The supertitles were timed well, and all the laughter happened just at the right time. I believe there was applause for the Act IV set, or else something delightful happened onstage before Barbarina's aria that I missed.

At intermission the Last Chinese Unicorn was kind enough to bring me a beverage and afterward she waited patiently for me with tiny strawberry cupcakes. By the time we left they had locked most of the doors, and it was commented that we might as well be locked in, since we are at the War Memorial all the time.


SF Opera's Figaro

Luca Pisaroni (Figaro) and Danielle de Niese (Susanna) with members of the chorus, photo by Cory Weaver * Notes *
The most recent revival of Le Nozze di Figaro opened last night at San Francisco Opera. Zack Brown's Goya-inspired set is nearly thirty years old, but is perfectly serviceable. Though the scene changes are awkward between acts, everything does look quite nice. The direction from John Copley is thoughtful, he handled the chorus especially deftly. The motivation for every movement was apparent.

Maestro Luisotti conducted the 42 musicians of the reduced orchestra, and played the fortepiano. The sound was verdant. The strings and woodwinds sparkled, and the brass was pleasant but hazy. The tempi were fast, and there was never a dull moment.

The cast was uniformly impressive, both in singing and acting. The chorus sounded particularly pure and clear in Acts I and IV. Adler Sara Gartland had a promising debut as Barbarina, her aria that starts Act IV went well. Robert MacNeil made the most of Don Curzio and was funny. Likewise, Bojan Kneževiċ sounded great as a rather wild-eyed Antonio. John Del Carlo (Doctor Bartolo), Greg Fedderly (Don Basilio), and Catherine Cook (Marcellina) were spirited and had perfect comic timing.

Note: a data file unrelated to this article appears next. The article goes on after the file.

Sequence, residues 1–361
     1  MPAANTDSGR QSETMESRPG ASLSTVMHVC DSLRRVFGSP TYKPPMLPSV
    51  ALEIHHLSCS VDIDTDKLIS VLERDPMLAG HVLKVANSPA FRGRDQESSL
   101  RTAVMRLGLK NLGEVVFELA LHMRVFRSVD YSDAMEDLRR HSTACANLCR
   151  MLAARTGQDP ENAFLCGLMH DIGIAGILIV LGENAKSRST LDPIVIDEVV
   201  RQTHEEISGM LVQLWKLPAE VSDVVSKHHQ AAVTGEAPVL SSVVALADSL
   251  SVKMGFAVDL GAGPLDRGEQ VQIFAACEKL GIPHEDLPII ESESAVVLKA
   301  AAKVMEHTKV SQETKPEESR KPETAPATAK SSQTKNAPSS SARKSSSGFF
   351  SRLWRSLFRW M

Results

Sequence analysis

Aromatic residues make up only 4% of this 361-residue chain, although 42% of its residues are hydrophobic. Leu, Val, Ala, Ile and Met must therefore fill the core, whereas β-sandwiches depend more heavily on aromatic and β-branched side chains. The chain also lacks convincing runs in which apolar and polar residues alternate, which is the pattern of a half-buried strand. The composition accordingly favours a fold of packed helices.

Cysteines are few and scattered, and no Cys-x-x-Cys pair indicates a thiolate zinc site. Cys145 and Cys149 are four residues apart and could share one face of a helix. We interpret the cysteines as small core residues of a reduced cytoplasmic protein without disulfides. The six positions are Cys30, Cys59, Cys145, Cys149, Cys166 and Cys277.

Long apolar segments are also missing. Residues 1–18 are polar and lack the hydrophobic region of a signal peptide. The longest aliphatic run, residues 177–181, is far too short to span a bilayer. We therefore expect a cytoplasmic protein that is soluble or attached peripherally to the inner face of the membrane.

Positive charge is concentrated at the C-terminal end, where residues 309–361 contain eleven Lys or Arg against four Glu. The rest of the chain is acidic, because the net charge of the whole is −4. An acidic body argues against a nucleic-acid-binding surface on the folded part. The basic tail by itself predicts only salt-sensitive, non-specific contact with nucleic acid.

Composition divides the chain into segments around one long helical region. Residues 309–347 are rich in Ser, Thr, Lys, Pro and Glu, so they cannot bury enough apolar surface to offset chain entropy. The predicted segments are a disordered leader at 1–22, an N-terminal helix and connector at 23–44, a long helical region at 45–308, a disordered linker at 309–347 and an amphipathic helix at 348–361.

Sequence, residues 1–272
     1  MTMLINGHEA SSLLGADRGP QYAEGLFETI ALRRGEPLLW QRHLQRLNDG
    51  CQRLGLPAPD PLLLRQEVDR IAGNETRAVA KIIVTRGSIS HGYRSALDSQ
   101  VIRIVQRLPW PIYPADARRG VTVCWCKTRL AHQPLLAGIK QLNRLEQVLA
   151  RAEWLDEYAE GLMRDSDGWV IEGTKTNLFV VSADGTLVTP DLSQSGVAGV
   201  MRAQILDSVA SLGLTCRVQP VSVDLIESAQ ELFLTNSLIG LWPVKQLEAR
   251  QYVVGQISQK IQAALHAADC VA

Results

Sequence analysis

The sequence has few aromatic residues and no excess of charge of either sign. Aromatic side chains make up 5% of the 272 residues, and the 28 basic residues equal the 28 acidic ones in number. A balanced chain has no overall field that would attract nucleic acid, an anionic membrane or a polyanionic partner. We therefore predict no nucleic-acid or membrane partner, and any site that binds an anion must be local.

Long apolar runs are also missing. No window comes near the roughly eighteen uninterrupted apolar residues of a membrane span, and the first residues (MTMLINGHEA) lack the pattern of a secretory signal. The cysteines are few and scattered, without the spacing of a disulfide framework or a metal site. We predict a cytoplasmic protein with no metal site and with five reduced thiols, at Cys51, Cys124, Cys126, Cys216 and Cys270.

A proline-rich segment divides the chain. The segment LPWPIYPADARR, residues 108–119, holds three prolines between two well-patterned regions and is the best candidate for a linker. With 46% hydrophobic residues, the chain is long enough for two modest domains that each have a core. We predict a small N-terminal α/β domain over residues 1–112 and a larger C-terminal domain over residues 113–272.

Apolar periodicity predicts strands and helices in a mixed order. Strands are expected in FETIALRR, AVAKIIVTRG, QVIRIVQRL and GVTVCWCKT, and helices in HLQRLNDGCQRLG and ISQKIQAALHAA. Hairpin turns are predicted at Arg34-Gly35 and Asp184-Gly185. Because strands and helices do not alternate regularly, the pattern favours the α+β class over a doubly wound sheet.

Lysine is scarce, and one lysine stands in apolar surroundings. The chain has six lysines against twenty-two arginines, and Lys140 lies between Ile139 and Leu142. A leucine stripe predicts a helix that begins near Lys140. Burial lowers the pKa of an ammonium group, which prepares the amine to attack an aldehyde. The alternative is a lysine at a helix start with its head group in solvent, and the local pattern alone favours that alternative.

Michèle Losier (Cherubino) did not win me over in her first aria, her voice had a hysterical edge to it instead of sounding breathlessly youthful. Her "Voi che sapete" was pretty, and she does look convincingly boyish. In the title role, Luca Pisaroni started off slowly and lacked punch. By "Non più andrai" he did sound lovely, and looked comfortable on stage. Pisaroni's voice has taken more weight since we last heard him as Masetto in 2007. Danielle de Niese made for a sweet but sassy Susanna. Her "Deh, vieni, non tardar" seemed effortless. Lucas Meachem and Ellie Dehn were both strong as the Count and Countess. Meachem was warm and vibrant. Dehn can sound perfectly brilliant, and there was only the slightest roughness in "Dove sono i bei momenti."

* Tattling *